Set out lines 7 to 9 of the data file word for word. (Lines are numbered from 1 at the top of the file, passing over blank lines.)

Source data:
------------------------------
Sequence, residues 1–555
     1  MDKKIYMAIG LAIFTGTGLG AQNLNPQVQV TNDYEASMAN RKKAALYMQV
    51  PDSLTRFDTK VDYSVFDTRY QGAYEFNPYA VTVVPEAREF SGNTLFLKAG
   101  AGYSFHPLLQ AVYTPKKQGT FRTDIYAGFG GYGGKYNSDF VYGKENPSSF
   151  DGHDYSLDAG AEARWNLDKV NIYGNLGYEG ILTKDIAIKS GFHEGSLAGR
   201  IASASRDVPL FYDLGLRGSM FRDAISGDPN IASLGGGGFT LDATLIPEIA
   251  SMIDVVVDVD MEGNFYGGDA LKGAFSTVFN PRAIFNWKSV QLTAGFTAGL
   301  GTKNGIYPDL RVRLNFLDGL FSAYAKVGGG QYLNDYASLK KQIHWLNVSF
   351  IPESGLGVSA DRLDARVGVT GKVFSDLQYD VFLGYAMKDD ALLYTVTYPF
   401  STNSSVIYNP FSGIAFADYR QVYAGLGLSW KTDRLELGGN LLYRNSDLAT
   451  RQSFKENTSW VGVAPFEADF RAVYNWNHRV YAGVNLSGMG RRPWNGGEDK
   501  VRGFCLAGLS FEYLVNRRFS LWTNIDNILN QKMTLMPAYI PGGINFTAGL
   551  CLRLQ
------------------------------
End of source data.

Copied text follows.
   251  SMIDVVVDVD MEGNFYGGDA LKGAFSTVFN PRAIFNWKSV QLTAGFTAGL
   301  GTKNGIYPDL RVRLNFLDGL FSAYAKVGGG QYLNDYASLK KQIHWLNVSF
   351  IPESGLGVSA DRLDARVGVT GKVFSDLQYD VFLGYAMKDD ALLYTVTYPF